XBIZ: A lot of people have seen your still photo work without even knowing it, right?
STREAMS: No kidding — I shot a ton of box covers for Third Degree and those companies.
XBIZ: Tell our readers how a still photo “sensibility” has affected your video work.
STREAMS: Still photography teaches you to see, and also to project. I mean, I know how I want things to look, and I don’t want that over-lit, “porn looking porn,” that blown-out and overblown kind of imagery. Now, the other side of that is that I really like Michael Ninn, and that whole body of work, and it shows in the way I dress the girls, the way I try to create some kind of organic whole that hangs together and just plain works. But at the end of the day, it’s porn, so I shoot what I want to jack off to.
XBIZ: Tell our readers what you think about all VOD, all the time. The Internet has captured porn, it seems.
STREAMS: Hey, didn’t we hear this already? I remember 10 years ago it was all about having an online gallery and a house with 60 girls and 100 webcams. Today when the subject comes up, it’s all about conglomerates doing something big and huge, and I just don’t think that big companies can continue to make good porn.
XBIZ: Oh, boy, the old “art versus commerce” argument rears its ugly head.
STREAMS: Well, OK, I’m a realist, I know there’s money involved, and companies have their place in all this. Still, individuals make movies, and they have to be free to do that. Now, without trying to sound like a company man, that’s what I love about Jules and what I always loved about John Stagliano — they let me do my thing.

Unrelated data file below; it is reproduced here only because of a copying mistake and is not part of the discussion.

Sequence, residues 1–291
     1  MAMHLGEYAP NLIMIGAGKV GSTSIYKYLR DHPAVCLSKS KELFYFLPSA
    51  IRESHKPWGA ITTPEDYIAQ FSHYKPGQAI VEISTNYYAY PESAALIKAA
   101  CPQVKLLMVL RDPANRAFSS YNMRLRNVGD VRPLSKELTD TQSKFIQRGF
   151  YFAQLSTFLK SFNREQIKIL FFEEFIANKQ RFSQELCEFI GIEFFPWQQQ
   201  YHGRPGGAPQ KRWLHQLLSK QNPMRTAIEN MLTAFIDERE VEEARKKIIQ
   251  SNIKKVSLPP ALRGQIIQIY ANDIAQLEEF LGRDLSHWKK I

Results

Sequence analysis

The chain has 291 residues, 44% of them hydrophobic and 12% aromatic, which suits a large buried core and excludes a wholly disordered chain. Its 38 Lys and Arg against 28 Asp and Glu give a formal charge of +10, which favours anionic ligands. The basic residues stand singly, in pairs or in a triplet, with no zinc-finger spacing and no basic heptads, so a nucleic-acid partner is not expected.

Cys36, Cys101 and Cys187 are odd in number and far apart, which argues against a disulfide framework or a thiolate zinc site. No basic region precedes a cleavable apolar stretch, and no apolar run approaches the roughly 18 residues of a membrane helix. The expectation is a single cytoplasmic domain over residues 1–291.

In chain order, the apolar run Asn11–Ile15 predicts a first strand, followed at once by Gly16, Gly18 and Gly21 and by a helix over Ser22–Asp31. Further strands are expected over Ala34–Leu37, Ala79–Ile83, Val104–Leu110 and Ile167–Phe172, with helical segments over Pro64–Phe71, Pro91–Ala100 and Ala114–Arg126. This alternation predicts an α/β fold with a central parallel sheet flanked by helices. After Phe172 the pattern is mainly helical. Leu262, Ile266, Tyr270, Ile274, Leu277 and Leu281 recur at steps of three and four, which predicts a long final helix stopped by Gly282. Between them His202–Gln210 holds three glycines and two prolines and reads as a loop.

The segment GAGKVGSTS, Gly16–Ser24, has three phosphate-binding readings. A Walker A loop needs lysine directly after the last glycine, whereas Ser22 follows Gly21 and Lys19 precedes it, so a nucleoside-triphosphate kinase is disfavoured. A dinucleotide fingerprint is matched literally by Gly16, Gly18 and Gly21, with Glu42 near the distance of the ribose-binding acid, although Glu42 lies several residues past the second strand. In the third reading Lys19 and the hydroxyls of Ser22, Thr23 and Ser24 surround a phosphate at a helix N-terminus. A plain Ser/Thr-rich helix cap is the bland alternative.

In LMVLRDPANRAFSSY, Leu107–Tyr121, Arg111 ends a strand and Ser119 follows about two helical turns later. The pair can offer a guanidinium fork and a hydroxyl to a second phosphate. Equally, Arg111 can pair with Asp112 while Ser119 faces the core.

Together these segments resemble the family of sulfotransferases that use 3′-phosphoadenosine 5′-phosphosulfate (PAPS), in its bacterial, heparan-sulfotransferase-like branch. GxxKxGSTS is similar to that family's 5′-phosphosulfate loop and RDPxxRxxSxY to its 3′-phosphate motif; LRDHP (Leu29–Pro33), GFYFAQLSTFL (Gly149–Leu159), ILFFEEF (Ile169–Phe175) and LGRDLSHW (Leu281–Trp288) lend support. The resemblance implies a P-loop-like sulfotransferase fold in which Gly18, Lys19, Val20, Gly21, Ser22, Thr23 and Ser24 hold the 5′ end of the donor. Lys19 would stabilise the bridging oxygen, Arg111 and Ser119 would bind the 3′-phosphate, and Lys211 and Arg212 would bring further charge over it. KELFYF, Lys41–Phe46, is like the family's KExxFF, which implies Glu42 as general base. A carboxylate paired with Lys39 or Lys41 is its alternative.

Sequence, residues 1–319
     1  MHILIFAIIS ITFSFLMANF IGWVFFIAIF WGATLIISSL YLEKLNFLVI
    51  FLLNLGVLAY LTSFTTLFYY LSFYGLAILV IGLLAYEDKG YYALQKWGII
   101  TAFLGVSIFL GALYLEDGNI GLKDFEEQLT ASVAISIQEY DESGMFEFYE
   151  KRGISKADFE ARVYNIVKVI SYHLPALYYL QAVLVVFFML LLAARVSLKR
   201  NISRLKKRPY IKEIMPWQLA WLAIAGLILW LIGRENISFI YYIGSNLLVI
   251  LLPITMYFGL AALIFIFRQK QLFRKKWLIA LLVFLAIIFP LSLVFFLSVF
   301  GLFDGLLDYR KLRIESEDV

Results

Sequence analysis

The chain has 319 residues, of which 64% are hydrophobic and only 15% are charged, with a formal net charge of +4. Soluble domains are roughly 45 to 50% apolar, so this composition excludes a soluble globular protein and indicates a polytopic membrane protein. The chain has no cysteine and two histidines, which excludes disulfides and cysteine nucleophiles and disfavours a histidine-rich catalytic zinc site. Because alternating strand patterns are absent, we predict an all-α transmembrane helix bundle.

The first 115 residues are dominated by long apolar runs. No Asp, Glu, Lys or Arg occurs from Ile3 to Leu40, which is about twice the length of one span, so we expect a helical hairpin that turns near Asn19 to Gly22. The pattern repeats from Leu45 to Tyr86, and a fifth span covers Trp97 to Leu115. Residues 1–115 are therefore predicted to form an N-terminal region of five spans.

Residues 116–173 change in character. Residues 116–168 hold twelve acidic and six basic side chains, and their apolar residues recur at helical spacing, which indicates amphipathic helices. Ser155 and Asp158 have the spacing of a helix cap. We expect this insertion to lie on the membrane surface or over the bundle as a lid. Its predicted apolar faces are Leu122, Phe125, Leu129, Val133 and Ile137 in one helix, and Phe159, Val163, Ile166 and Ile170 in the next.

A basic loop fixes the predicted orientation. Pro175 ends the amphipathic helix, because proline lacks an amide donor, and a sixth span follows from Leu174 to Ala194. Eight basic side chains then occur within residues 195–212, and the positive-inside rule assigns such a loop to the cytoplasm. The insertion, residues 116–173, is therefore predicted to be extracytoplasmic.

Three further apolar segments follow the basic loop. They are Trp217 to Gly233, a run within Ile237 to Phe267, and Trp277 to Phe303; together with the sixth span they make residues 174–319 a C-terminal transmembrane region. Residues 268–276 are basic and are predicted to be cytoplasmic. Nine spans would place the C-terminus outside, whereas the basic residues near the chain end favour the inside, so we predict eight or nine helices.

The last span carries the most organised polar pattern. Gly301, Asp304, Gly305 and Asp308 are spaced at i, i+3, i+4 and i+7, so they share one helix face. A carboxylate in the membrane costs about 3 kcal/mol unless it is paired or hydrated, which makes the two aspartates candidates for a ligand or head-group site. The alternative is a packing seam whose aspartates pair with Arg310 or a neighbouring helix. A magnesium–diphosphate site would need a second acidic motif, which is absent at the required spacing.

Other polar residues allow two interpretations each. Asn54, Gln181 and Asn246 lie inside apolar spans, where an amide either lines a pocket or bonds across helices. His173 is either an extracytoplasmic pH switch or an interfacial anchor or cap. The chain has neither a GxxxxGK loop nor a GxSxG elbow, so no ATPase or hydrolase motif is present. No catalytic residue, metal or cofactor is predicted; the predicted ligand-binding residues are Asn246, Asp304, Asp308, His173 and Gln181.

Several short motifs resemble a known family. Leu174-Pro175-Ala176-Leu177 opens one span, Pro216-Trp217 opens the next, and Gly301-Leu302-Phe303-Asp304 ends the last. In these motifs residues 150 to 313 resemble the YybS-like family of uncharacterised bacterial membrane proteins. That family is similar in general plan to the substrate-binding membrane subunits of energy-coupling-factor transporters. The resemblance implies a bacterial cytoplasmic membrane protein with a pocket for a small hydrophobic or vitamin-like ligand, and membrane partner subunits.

XBIZ: Are DVDs dead then?
STREAMS: I hope not, but I think so. As an “old dude,” I like something in my hand when I plunk down my money. The idea of a file on a computer that can get trashed? I don’t know. Frankly, I’m hoping that Bluray will give us a shot in the arm. Because of the Internet, everyone is shooting one-on-ones and shooting in warehouses to save every penny they can. This biz is crazy right now, just freakin’ crazy.
XBIZ: Beyond the standard shelf signs — “Gonzo,” “Features,” “MILF” — how can you describe “your thing” to the end users? Do the reviewers help or hinder you in that communication to and with the viewers?
STREAMS: One thing reviewers forget is the guy making that $29 DVD purchase. That’s a lot of money for the average person to spend. But the reviewers get the movies for free and then sit there and go, “That’s only three stars.” But since they don’t pay for it, there’s no consideration of its real-world value to the buyer. It’s like playing poker with matchsticks, where you can make any bet or do anything, because there’s no real value one way or the other. And reviewers forget that we, the filmmakers, have to make a living, too, and that not all of us own our product.
XBIZ: What’s ahead for you? What else do you want to say?
STREAMS: This is the most I’ve talked about myself to anyone. I don’t do a lot of this. But I respect this business and I’m grateful to it, and the people in it. The future? Well, there are things in my head that no one has seen yet because the handcuffs haven’t come off. They will. I have some unique projects coming soon. Jules always tells me, “Be a pervert first, and a filmmaker and businessman after.” See, that’s what keeps me making product that people want. The life and the work are great, but for this little porn world to keep spinning, at the end of the day I need that fan to buy that movie. That’s the person we’re working for. If you forget that, well, just forget the whole thing then.